The tides of the Liffey are much more manageable, but nevertheless all signed-up or would-be participants in the CAI Liffey Rally on 17th-18th September 2016 are advised to keep closely in touch with the CAI website.
An exemplary three year Atlantic circuit sailing cruise was completed this weekend with the return to Ireland of Neil Hegarty’s Dufour 34 Shelduck from Cork. Shelduck has reached Baltimore in the last of the summer after a rugged 16–day west-east Transatlantic return crossing from Newfoundland writes WM Nixon. The voyage saw the veteran skipper and his crew coping with at least one Force 8 gale and a definite Force 9, but in all conditions he was happy to report that his well-proven ship “behaved impeccably”.
Shelduck visited many coasts, harbours and islands during her time on the other side of the Atlantic, and was awarded the Irish Cruising Club’s premier trophy the Faulkner Cup, for 2014, while Neil Hegarty was also an Afloat.ie “Sailor of the Month” for February 2015. He is noted for the high quality of information provided with his logs, and for his careful planning to make time available for detailed local cruising by laying up the boat in North America for two winters. As well, as his cruising partner Anne Kenny of Tralee had the 36-footer Tam O’Shanter in the Baltic, parts of the cruising season in the Northern Hemisphere were given over to Scandinavian ventures.
However, for 2016 and the final summer in America, Neil and Anne joined Shelduck in Southwest Harbor, Maine on June 1st, and cruised extensively around North Maine, New Brunswick, Nova Scotia, Labrador, and Newfoundland. Then in Lewisporte in Newfoundland, they made the final preparations for the Transatlantic crossing to start in mid-August, and strengthened their crew with the addition of Neil’s son Paul – who’s an electronics and communications ace – and Charlie Kavanagh, whom the skipper describes as “a very good foredeck hand, Anne and I stuck to the cockpit…….”
During the summer of 2016, the North Atlantic was in a decidedly restless condition for much of the time, and though Paul Hegarty’s communications network during the crossing ensured that they minimised their contact with bad weather, there were some storms that just coudn’t be avoided. Yet this well-found boat and her experienced crew came through with flying colours.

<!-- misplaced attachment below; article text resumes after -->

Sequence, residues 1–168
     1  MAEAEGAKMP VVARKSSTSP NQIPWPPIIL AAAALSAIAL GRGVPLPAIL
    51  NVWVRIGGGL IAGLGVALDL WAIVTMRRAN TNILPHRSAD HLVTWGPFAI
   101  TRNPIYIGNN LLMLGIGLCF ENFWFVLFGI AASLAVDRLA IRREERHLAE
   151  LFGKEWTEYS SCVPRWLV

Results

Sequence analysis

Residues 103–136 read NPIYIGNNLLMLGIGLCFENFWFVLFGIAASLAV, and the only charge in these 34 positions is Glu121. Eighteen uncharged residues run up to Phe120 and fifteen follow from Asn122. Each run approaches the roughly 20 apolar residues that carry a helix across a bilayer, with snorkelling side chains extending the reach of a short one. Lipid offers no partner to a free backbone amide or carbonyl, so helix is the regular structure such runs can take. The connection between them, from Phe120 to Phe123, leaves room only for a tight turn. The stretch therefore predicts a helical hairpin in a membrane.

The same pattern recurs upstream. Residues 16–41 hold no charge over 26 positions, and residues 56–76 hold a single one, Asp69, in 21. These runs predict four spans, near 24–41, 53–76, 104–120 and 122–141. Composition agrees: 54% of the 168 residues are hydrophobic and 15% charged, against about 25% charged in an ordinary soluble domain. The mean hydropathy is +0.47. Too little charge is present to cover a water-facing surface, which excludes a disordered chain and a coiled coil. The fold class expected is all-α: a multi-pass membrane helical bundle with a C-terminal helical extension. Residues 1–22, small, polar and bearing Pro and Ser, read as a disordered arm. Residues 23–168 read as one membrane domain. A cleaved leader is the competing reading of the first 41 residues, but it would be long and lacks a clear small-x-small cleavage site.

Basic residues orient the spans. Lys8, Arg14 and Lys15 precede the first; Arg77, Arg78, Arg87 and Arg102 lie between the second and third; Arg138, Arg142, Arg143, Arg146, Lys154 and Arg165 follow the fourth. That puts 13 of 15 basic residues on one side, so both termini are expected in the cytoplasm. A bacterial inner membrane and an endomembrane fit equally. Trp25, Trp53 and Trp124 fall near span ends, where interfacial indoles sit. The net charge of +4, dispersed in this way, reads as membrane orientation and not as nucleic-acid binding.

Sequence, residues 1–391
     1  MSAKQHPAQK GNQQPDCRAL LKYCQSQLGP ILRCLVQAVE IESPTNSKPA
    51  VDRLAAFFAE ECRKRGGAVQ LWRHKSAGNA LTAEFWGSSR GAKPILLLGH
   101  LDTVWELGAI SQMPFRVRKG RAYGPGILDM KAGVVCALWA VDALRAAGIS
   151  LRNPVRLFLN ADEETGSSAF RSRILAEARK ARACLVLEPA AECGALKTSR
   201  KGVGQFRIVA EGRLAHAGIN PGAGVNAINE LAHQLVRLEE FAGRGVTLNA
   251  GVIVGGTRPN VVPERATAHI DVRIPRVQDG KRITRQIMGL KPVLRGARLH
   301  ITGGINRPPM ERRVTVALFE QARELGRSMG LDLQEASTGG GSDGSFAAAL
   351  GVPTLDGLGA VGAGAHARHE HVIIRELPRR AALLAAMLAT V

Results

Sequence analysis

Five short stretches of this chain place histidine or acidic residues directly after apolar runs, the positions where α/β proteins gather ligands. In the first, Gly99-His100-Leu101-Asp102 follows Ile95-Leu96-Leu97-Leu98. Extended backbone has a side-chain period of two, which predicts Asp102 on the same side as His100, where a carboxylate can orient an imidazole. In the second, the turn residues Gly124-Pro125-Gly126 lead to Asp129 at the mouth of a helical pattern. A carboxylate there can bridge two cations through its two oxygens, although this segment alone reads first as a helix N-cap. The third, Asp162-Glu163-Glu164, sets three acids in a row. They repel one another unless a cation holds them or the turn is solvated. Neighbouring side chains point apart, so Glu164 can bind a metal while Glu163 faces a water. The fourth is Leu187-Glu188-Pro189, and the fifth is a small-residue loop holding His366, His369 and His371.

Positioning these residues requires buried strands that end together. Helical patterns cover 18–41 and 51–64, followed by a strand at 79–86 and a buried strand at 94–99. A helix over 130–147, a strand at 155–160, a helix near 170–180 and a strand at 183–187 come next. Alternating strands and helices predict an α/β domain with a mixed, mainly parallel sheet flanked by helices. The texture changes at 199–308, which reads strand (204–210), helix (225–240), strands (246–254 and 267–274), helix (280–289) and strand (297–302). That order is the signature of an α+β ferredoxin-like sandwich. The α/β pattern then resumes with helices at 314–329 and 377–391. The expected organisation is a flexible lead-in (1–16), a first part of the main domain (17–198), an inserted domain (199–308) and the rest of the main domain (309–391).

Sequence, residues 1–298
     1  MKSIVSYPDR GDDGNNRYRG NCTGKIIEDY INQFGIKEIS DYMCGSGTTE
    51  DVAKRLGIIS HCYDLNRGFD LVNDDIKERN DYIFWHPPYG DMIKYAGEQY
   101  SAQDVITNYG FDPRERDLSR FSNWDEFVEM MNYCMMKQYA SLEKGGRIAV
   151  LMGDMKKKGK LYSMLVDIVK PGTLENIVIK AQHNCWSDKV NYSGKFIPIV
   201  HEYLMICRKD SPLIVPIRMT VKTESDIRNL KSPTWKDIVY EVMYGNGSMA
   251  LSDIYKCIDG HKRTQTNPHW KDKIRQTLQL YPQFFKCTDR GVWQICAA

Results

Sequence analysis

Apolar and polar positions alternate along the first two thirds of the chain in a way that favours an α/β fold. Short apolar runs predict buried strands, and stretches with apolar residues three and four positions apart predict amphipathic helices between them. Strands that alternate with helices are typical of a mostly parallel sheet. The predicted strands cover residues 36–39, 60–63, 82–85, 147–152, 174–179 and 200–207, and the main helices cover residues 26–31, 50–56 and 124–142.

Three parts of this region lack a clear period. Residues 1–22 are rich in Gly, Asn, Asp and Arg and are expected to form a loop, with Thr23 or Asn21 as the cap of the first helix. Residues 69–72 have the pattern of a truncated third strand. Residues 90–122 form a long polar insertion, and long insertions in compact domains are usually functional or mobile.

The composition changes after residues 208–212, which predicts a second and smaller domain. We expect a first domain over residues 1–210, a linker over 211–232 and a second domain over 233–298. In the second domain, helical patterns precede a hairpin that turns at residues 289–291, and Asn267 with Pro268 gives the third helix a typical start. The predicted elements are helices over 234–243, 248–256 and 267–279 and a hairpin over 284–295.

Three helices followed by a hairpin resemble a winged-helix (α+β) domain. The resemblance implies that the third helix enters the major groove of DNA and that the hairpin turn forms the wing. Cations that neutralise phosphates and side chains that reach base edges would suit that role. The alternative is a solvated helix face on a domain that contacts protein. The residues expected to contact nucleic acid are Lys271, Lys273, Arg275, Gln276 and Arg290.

#Rescue - Twelve kayakers rescued amid difficult weather conditions in Dublin Bay yesterday had only limited safety equipment and had not logged their trip with the coastguard, as The Irish Times reports.
The kayaking group were recovered by the Howth Coast Guard and lifeguards from nearby Dollymount after high winds and an outgoing tide started pushing them out into the bay off Red Rock in Sutton yesterday evening (Sunday 7 August).
It since emerged that the 12 paddlers had failed to observe the small craft warning issued ahead of yesterday's forecast high winds, on top of setting out without a marine VHF radio and failing to log their journey with the National Maritime Operations Centre.
According to The Irish Times, the four on board the White Lady raised the alarm on Saturday evening (6 August) after the fire started in the boat's engine system.
The skipper was able to motor the boat to Banagher Harbour where waiting fire service units brought the blaze under control.
Round the World Irish sailing couple Paraic O'Maolriada and Myra Reid returned to their home port of Kinsale in County Cork at the weekend having completed a six–year circumnavigation writes Bob Bateman.
The fluent Irish speakers returned to the West Cork port on Saturday in their 63–foot long yacht 'Saol Eile' to be greeted by family and friends. The craft was dressed with flags from all the countries they had visited over the course of their 43,000 nautical miles voyage.
Paraic, a non–swimmer, was formerly a master brewer in Guinness Brewery who has also designed breweries in Scotland. Paraic says it was a relatively quick decision to 'pack it all in' and take on the global journey.
The couple prepared for the journey in 2010 with assistance from Zafer Guray of Bantry who gave them tips about how to handle the boat with just the two of them onboard.
Married for 49–years, Paraic and Myra said their scariest moment of all came on day two when the short–handed couple encountered a force nine storm in the Bay of Biscay.
Their most pleasant cruising experience was in Namibia, sighting hundreds of thousands of birds pelicans and flamingos. Another place they loved was Madagascar with its multitude of beautiful anchorages. But Myra says overall that 'the best part of the trip was being home'.
#RNLI - Lough Derg RNLI's lifeboat launched this morning (Friday 1 July) to assist four people on board a 40ft cruiser whose anchor came loose and dragged beneath their boat in severe weather.
At 11.20am Valentia Coast Guard requested the lifeboat to attend to the cruiser located by Hare Island.
The lifeboat launched at 11.42am with helm Peter Clarke, Lorna Walsh and Barry Morkan on board. Winds were south-westerly Force 5, gusting 6/7, with good visibility.
The lifeboat was alongside the cruiser at 11.52am. Everyone on board was safe and unharmed and wearing their lifejackets.
An RNLI crew member reassured everyone on board the cruiser. Given the severe weather conditions and the exposed location, it was decided to let the anchor go when it could not be recovered back on board after numerous attempts.
The cruiser for any other potential problems, and everything was found to be in working order, so it continued its journey to the public harbour at Dromineer where it took shelter.
The lifeboat returned to station and was ready for service again at 1.14pm.
Lifeboat operations manager Liam Maloney advises boat users to "check the weather before setting out from harbour and ensure all items are stowed correctly".